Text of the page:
©Peter Cairns/2020

Osprey perched with fish

©Peter Cairns/2020VISION

Osprey diving for fish

©Peter Cairns/2020VISION


Scientific name: Pandion haliaetus
A great way to get up close and personal with the magnificent osprey is via one of the many nestcams set-up in the places that it breeds: Scotland, Cumbria, Wales and the East Midlands.

Species information


Length: 56cm
Wingspan: 1.6m
Weight: 1.5kg
Average lifespan: 9 years

Conservation status

Classified in the UK as Amber under the Birds of Conservation Concern 4: the Red List for Birds (2021). Protected in the UK under the Wildlife and Countryside Act, 1981.

When to see

March to September


The osprey is no stranger to fame and attention - its pursuits have been followed closely by nestcams in the locations where it breeds: Speyside and Perth in Scotland, Kielder, Cumbria and East Midlands in England, and the Dyfi Valley in Wales. A migratory bird, it is present in the UK in summer. Ospreys eat fish, catching them in spectacular fashion as they dive towards lakes and lochs, stretch out their talons and scooping them out of the water with ease.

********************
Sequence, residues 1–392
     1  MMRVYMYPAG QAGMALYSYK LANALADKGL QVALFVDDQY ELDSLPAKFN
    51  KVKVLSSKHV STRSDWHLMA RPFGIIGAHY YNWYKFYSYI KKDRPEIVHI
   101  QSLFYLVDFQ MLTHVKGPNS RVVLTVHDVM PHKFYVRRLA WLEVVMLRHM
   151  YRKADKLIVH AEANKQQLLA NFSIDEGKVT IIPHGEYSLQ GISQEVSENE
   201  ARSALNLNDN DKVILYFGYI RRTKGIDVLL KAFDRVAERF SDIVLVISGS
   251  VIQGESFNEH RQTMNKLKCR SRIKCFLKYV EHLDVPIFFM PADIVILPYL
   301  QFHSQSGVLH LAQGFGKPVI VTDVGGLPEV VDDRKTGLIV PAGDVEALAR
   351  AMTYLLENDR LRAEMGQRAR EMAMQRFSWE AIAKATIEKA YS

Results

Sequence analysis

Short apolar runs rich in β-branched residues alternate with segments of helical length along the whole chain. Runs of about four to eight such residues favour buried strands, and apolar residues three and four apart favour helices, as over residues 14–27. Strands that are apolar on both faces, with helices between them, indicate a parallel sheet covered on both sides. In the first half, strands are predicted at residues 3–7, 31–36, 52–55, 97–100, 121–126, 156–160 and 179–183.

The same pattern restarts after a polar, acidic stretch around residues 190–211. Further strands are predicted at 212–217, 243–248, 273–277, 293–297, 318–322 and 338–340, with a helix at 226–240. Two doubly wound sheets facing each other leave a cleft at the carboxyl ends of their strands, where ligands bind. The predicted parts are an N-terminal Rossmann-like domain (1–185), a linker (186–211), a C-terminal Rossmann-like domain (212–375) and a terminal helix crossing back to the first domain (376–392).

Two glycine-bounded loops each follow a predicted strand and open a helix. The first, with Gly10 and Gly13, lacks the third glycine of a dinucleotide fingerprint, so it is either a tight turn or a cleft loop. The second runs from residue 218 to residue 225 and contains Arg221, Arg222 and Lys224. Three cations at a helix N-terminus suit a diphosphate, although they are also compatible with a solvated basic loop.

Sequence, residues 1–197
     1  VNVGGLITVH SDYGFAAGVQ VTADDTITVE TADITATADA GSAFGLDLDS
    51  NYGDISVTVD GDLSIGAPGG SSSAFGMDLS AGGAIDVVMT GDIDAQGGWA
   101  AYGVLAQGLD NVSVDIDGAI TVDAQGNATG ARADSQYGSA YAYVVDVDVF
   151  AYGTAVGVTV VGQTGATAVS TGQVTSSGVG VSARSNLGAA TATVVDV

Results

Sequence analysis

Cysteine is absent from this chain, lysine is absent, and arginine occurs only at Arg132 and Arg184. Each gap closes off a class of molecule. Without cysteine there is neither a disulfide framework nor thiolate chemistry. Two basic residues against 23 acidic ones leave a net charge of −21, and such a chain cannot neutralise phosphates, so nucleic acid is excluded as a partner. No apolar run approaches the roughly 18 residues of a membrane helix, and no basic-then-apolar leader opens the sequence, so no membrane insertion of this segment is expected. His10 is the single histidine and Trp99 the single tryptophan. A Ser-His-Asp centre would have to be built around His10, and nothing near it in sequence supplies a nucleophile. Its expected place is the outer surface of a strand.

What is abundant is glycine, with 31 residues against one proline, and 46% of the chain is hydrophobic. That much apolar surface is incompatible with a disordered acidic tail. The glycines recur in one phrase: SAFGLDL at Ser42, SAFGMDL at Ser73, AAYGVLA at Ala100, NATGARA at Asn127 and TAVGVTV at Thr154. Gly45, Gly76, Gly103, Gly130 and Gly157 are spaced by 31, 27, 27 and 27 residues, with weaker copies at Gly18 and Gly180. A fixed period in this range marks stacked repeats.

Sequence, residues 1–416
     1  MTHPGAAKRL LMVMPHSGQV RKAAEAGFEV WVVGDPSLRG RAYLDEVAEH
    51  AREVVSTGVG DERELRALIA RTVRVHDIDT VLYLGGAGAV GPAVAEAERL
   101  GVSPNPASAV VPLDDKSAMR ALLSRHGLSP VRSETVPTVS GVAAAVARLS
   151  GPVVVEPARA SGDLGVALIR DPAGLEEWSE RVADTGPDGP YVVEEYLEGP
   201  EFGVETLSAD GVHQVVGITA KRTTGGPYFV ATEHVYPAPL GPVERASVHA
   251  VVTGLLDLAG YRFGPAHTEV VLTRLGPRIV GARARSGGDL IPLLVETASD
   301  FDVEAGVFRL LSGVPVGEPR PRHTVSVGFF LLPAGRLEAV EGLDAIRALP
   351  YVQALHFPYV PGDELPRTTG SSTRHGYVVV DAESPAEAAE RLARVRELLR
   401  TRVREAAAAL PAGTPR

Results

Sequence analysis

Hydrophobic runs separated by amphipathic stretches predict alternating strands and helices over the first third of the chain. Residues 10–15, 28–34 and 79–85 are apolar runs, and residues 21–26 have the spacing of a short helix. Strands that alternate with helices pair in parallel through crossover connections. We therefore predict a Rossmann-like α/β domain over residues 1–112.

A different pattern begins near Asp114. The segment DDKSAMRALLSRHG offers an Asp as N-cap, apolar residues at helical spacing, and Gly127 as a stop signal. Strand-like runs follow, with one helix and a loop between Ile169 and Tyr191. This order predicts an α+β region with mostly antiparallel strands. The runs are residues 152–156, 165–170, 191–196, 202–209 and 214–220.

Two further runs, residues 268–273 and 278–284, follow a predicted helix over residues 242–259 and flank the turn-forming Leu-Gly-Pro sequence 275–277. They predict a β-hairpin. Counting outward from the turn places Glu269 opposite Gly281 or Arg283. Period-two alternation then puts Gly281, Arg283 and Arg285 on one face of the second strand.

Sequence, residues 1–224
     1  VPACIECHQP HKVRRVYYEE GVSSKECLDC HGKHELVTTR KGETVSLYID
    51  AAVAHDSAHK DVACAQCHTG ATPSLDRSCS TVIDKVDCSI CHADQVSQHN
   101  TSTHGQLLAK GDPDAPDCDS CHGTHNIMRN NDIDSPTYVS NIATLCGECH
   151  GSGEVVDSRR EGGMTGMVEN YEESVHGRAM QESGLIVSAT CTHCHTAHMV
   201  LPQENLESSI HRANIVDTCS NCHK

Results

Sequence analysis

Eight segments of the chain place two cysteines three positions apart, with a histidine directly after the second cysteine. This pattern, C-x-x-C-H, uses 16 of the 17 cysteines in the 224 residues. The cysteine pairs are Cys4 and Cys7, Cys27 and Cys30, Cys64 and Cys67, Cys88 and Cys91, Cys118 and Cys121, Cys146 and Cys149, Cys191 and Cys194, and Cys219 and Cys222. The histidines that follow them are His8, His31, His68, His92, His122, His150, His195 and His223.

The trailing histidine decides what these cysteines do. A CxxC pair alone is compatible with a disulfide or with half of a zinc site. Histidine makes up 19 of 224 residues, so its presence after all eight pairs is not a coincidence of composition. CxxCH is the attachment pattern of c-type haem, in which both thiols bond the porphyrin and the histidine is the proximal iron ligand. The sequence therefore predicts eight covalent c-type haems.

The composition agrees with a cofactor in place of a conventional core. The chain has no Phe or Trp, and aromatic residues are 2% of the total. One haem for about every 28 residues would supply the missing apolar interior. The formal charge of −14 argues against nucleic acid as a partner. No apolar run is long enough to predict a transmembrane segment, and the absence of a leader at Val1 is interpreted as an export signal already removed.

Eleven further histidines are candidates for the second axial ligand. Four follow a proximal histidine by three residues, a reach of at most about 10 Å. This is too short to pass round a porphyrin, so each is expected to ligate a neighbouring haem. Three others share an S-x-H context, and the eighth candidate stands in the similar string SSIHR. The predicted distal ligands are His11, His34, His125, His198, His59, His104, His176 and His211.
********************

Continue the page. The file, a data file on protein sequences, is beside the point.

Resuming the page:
How to identify

The osprey is a brown-and-white bird which could possibly be mistaken for a seagull at a distance. The osprey is a large bird of prey with dark brown upperparts and contrasting white underparts that can appear mottled in females. Their heads are white with a dark brown through their eyes. Their wings during flight show strong barring and distinctively dark brown, angled ‘wrists’.


Nests in parts of Scotland, Cumbria, the East Midlands and Wales. Can also be spotted at large waterbodies across the country during migration.

Did you know?

Ospreys migrate to West Africa during winter; satellite tracking has shown them flying up to 430 km in just one day. It takes them about 20 flying days to complete the journey, but, in autumn, birds stop off to refuel at lakes and reservoirs.

How people can help

The Wildlife Trusts work closely with farmers and landowners to ensure that our wildlife is protected and to promote wildlife-friendly practices. By working together, we can create Living Landscapes: networks of habitats stretching across town and country that allow wildlife to move about freely and people to enjoy the benefits of nature. Support this greener vision for the future by joining your local Wildlife Trust.